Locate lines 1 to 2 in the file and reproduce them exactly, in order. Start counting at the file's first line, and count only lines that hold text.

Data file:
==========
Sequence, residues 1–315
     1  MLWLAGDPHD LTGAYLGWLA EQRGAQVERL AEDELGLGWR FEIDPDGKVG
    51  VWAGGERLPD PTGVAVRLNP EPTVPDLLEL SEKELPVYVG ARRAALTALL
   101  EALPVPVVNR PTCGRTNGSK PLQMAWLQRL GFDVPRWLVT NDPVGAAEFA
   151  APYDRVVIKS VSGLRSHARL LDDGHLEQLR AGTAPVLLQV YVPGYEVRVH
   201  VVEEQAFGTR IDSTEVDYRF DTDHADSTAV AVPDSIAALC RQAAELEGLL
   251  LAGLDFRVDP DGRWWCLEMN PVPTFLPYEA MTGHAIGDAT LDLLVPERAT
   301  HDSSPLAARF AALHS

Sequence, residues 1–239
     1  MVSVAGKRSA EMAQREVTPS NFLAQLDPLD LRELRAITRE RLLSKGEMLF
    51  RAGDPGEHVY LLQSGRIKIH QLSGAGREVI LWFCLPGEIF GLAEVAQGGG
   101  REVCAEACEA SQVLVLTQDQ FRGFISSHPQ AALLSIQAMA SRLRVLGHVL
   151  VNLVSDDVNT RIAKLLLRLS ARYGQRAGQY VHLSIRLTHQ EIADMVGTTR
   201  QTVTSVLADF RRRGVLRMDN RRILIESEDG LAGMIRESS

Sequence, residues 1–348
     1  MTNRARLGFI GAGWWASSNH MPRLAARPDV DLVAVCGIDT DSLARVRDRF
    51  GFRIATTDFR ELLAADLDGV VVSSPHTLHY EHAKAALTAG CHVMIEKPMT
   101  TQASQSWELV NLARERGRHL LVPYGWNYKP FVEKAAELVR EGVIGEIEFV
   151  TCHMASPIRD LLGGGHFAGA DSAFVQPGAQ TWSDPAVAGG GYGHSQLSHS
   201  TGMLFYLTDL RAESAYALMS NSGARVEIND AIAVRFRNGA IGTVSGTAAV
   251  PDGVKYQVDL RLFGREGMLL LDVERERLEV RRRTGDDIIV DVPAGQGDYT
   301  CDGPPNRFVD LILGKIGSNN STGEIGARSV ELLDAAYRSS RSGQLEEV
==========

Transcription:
Sequence, residues 1–315
     1  MLWLAGDPHD LTGAYLGWLA EQRGAQVERL AEDELGLGWR FEIDPDGKVG